On belay! More than any other, this brief statement says succinctly and clearly, “I’m properly equipped, I’m in position, I’m prepared, you can trust me.”
When you accept advice about your health and safety, you just as directly place your trust in someone else. If your telemark instructor says a particular binding is “best”, you rely on him to have personal knowledge of a broad range of equipment, to have used this equipment under conditions similar to what you will encounter, and to place your interests above any personal gain he may experience in making the statement.
In medicine, we are supposed to rely on scientific tests to provide the evidence that forms the foundation for what we know and how we act. Unfortunately, a surprising amount of health-related advice is opinion and not truly evidence-based. As a wise consumer of health care and health-related information, you should get in the habit of asking “What’s the evidence for that statement?” Be prepared for the evidence and the consequent best course of action to change over time.
When I make recommendations to my patients, I try to use the current best evidence on the subject. The evidence on ‘Exercising When You’re Sick’ is mostly indirect and inferential, so read it and take this advice warily.
There is pretty good evidence that immune response is decreased for a period of hours after intense exertion. There is fairly solid evidence that regular, moderate exercise enhances overall immune system function and that persistent, peak exercise impairs overall immune function. There is limited evidence that modest exercise does not result in harm to people who are mildly sick. There is speculative evidence that exercise may increase the chance for rare but serious heart complications from viral infections and that hypothermia may increase the risk of complicating pneumonia.
Expert opinion on exercising when you are sick comes in two flavors:
1.Don’t do it. You won’t benefit from the exercise and if you lose some conditioning during the illness you will gain it back quickly.
2.Look at the specifics of the illness and respond accordingly.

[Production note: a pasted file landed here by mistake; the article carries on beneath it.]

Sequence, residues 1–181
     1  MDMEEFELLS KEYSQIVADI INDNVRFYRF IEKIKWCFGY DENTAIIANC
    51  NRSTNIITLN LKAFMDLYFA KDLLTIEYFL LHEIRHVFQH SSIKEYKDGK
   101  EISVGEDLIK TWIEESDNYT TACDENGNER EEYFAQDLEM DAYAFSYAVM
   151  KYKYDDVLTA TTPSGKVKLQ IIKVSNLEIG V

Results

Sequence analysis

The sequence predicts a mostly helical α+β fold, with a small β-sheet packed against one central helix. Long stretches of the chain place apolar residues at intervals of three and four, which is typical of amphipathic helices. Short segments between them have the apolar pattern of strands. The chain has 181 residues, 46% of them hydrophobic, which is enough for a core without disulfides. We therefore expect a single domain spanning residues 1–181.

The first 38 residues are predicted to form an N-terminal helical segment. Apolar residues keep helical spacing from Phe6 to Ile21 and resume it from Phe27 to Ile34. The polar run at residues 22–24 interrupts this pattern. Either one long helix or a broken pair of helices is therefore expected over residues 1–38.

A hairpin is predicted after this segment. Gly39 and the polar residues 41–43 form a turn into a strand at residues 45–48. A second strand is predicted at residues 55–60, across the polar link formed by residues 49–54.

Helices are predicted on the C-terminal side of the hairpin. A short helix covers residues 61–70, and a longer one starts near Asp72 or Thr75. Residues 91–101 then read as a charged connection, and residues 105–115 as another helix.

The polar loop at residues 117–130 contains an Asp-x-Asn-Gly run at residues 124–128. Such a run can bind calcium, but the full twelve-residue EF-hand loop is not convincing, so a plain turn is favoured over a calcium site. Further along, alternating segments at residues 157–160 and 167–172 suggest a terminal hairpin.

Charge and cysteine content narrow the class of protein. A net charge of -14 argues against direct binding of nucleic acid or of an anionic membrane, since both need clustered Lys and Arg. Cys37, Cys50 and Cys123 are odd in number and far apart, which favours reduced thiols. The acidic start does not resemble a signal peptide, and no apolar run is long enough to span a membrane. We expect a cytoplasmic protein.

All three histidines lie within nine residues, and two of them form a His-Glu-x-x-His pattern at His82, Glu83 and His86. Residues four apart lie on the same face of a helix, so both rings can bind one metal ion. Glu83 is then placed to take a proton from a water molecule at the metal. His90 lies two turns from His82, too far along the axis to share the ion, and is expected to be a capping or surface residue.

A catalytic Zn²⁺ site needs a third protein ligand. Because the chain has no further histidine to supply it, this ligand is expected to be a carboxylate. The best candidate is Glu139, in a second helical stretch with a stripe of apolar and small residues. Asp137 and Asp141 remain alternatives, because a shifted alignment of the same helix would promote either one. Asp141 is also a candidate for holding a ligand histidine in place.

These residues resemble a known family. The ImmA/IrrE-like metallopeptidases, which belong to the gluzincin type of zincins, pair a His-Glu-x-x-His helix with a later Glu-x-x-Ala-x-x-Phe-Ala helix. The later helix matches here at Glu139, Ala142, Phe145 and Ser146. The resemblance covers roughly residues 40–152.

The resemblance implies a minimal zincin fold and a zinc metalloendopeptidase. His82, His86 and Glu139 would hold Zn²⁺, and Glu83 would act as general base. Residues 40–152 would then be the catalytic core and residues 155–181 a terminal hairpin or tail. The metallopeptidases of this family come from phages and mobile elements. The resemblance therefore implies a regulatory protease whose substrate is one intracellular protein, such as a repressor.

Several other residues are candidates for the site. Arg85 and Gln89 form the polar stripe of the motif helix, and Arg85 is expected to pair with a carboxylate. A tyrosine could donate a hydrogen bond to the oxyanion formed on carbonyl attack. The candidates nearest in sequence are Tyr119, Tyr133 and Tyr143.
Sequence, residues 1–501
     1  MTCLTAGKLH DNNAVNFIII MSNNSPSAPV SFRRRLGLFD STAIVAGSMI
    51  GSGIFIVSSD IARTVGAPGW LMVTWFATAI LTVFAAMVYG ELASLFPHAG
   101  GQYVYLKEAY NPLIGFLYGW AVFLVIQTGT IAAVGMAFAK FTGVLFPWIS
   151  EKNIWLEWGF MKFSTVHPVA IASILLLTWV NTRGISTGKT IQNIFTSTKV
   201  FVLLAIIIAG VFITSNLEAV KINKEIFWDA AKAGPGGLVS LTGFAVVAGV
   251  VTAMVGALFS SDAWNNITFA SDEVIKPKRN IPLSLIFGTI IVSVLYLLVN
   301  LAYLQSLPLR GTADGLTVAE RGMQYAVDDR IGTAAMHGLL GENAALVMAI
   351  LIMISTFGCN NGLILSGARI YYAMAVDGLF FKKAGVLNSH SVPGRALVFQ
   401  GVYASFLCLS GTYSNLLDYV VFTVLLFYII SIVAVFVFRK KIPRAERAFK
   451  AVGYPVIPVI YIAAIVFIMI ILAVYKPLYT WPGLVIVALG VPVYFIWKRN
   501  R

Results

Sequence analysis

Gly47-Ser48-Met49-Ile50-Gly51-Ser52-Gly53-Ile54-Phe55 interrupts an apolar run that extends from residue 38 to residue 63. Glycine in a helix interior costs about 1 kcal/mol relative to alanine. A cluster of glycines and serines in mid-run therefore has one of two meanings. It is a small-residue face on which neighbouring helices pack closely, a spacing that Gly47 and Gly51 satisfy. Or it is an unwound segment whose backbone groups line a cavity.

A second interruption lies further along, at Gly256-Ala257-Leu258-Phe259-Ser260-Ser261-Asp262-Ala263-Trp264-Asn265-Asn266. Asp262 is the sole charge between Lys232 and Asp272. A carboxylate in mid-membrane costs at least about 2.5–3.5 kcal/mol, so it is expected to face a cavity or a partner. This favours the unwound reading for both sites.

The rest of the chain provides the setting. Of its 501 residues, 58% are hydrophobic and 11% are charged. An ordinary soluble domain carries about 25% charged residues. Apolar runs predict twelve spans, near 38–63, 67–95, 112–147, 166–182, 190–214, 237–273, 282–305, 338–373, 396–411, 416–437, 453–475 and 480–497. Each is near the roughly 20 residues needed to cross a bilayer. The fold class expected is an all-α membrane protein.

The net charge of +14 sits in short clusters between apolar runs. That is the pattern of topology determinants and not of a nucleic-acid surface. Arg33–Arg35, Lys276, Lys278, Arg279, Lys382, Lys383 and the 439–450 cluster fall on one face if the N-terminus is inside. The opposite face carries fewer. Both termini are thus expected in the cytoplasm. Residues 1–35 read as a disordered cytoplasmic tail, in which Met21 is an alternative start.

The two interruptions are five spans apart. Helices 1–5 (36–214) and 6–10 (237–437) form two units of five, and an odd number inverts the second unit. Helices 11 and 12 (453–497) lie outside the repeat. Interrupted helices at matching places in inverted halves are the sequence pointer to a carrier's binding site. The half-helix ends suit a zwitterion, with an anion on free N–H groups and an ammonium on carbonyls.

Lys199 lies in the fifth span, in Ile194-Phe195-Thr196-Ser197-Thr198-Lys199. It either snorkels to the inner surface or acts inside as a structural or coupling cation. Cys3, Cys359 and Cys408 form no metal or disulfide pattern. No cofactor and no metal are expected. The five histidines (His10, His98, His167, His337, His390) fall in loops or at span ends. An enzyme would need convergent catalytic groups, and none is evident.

In my personal opinion, the first one ignores the passion and persistence of most athletes and underestimates the time needed to regain pre-illness conditioning. As for the second premise, we do not have the evidence to be able to tell you reliably how to do this, but there is reasonable agreement among experts. What follows is the consensus of opinions on exercising when sick.
Assess the location of the illness. If the symptoms are primarily ‘above the neck’, then modest exercise is probably safe. If you have a stuffy head, a runny nose, or a mild sore throat, you’re above the neck. If you have a cough, vomiting or diarrhea, you’re below the neck and should forego your exercise.
Assess the severity. If you have a fever, body aches, and chills—if you feel like crawling back into bed and sleeping for a week—you’re too sick to exercise. If your resting pulse is higher than usual or if you have a severe cough with chest pain and shortness of breath, stay home.
Assess the type of exercise. If you have a contagious illness, you shouldn’t be going to the gym and sharing the germs with your friends. If you’re going on a ski traverse of Yellowstone, even a minor illness should delay your plans.
Modify the intensity of the exercise. If you’re going to cycle when you have a cold, the wise course is to ride shorter and slower, and do your flat ride instead of the one with all the hills. When sick, your exercise should involve fewer reps, lower weight, less speed, reduced intensity… and gradually build back to usual.
Modify your intake. You will need more fluids than usual to stay properly hydrated and manage secretions. Consider taking extra vitamin C to reduce oxidative stress. Prior to exercise, fueling up with sugars or simple carbohydrates may reduce the temporary negative effect on your immune system.
In the absence of reliable scientific evidence, my advice is old-fashioned Calvinist moderation. It’s not fancy, but it’s wise. Trust me.